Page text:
The SEC also can impose a cease-and-desist order upon any person who has violated or is about to violate a federal securities law. It is issued by the SEC by an administrative law judge in an administrative action (as opposed to a federal civil enforcement case). These cases generally require a lesser burden of proof of a possible securities violation in the future.
II. Criminal Prosecutions Generally
“Securities fraud” and other criminal offenses involving securities are prosecuted in federal court as felony offenses, and these offenses are based upon allegations of fraud, sales of securities without a license, and omitting pertinent material in the sale of securities, or insider trading. When people hear the word “securities,” they often think of stock in a company. Stock would be considered a security, but the term “security” has a very broad definition in both state and federal statutes, so that investigations in either State court initiated by the State Securities Board, or an equivalent state agency, or by the U.S. Securities and Exchange Commission can cover incidents that involve shares of company stock, promissory notes, bonds, and investment contracts.
Criminal investigations can result in Indictments as in any other criminal case, and the Securities and Exchange Commission has the authority to share information with law enforcement and prosecution authorities.
These investigations can be lengthy, and they are document and financial transaction intensive, and/or they focus on fraudulent sales by the targets of the investigations.
III. Charges and Indictments
Securities fraud and criminal securities offenses in federal cases are found in Title 15 of the United States Code, although many federal criminal offense statutes are listed in Title 18 of the U.S. Code. Charges in Indictments brought by the U.S. Attorney include: 1) Securities Fraud; 2) Misrepresentation or Omission of Material Facts in the Sale of Securities; 3) Sales of Securities Without a License; 4) Sales of Unregistered Securities; 5) Insider Trading; and/or 6) Money Laundering.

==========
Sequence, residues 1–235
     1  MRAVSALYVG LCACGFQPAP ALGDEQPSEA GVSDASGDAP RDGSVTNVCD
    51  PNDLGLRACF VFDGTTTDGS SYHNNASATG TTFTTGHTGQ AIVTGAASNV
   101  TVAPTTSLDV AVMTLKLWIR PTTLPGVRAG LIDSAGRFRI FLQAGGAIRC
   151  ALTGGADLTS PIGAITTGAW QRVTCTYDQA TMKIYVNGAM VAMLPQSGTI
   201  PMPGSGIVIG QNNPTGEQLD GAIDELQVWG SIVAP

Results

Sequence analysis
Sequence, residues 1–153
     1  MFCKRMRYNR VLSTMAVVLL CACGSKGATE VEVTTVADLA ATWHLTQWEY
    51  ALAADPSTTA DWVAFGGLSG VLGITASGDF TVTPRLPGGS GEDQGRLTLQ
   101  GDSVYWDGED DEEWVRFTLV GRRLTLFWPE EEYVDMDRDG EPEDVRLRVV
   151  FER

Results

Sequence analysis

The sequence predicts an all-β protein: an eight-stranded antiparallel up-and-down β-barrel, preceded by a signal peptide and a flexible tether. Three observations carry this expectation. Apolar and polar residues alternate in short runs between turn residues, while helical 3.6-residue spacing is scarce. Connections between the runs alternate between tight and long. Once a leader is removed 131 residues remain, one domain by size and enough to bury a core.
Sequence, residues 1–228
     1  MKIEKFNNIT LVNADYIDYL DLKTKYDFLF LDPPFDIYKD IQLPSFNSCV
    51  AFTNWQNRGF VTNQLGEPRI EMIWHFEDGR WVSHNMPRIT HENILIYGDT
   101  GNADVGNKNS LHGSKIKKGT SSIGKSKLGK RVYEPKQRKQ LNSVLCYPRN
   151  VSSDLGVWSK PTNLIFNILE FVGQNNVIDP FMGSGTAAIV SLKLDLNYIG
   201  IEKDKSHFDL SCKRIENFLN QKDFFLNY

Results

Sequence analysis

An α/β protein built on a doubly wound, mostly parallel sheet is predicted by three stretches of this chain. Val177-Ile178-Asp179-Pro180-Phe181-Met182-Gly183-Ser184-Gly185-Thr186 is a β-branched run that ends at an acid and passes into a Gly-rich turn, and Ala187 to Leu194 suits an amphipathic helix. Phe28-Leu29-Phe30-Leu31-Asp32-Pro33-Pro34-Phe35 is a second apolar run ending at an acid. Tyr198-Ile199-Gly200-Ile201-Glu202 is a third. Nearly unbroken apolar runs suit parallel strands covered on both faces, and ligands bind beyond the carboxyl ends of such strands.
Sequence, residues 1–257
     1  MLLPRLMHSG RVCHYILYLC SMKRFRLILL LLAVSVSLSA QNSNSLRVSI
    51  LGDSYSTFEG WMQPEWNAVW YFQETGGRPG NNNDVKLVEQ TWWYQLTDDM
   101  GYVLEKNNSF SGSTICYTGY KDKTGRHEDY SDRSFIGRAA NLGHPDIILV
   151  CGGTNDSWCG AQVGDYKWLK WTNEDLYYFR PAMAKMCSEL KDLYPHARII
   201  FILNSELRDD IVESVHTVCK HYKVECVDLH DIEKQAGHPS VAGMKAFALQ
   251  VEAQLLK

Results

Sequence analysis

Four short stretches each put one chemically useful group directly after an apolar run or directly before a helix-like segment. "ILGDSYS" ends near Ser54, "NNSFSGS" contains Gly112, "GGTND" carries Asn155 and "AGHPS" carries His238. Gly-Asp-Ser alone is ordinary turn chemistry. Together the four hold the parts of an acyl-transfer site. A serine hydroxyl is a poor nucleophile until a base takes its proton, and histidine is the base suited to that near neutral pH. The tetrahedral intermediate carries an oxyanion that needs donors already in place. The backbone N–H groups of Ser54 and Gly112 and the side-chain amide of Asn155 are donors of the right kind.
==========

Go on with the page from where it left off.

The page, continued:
Investigations focus to a large extent on financial documents, trading records, and statements and depositions of targets of the investigation. Often, targets of the investigation will have given statements or depositions to the U.S. Securities and Exchange Commission or the State Securities Board prior to a criminal investigation. Administrative subpoenas by the government agencies involved in administrative or civil actions may yield records or written communications from the targets of the investigation that is used in the criminal investigation.
V. Illegal Acts Leading to Charges
The following is a list of allegations and activities that may be the basis for counts in an Indictment in a criminal securities case:
- Misrepresentation of company’s financial status and/or stock values.
- Misrepresentations in sales of stocks or other securities.
- Stock manipulation schemes.
- Insider trading (unauthorized information that allows a person to benefit from the purchase and/or sale of stock, stock options or other securities).
- Investment contract schemes.
- Prime bank note schemes.
- “Pump and dump” schemes regarding penny stocks or low value stocks.
- Company accountants “pulling revenue forward” to show income not yet received
- Sale of unregistered securities.
- Sale of securities by an unlicensed broker
VI. Results in Addition to Sentencing in Criminal Cases
In addition to sentencing in a criminal case regarding securities fraud or related securities charges, the following may occur in a related or parallel securities enforcement action by the U.S. Securities and Exchange Commission or the State Securities Board:
- Temporary Restraining Orders and Asset Freezes
- Permanent Injunctions Against Securities Fraud, Illegal Sales of Securities, or Other Similar Prohibitions
- Disgorgement of ill-gotten gains
- Civil Money Penalties